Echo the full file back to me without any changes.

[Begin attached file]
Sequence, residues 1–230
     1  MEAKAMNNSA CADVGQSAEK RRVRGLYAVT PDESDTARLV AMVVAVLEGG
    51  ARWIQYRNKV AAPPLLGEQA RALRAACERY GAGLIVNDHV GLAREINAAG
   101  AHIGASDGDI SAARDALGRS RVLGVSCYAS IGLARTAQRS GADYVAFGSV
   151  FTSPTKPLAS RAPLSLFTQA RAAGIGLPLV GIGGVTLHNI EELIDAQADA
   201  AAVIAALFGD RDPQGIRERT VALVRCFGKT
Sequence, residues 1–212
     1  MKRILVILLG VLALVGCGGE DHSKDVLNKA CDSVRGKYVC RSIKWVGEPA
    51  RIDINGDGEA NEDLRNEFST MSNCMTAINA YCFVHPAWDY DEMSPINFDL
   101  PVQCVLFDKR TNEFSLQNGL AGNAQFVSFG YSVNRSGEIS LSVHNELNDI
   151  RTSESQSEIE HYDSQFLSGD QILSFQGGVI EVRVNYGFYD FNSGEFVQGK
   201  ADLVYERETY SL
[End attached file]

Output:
Sequence, residues 1–230
     1  MEAKAMNNSA CADVGQSAEK RRVRGLYAVT PDESDTARLV AMVVAVLEGG
    51  ARWIQYRNKV AAPPLLGEQA RALRAACERY GAGLIVNDHV GLAREINAAG
   101  AHIGASDGDI SAARDALGRS RVLGVSCYAS IGLARTAQRS GADYVAFGSV
   151  FTSPTKPLAS RAPLSLFTQA RAAGIGLPLV GIGGVTLHNI EELIDAQADA
   201  AAVIAALFGD RDPQGIRERT VALVRCFGKT
Sequence, residues 1–212
     1  MKRILVILLG VLALVGCGGE DHSKDVLNKA CDSVRGKYVC RSIKWVGEPA
    51  RIDINGDGEA NEDLRNEFST MSNCMTAINA YCFVHPAWDY DEMSPINFDL
   101  PVQCVLFDKR TNEFSLQNGL AGNAQFVSFG YSVNRSGEIS LSVHNELNDI
   151  RTSESQSEIE HYDSQFLSGD QILSFQGGVI EVRVNYGFYD FNSGEFVQGK
   201  ADLVYERETY SL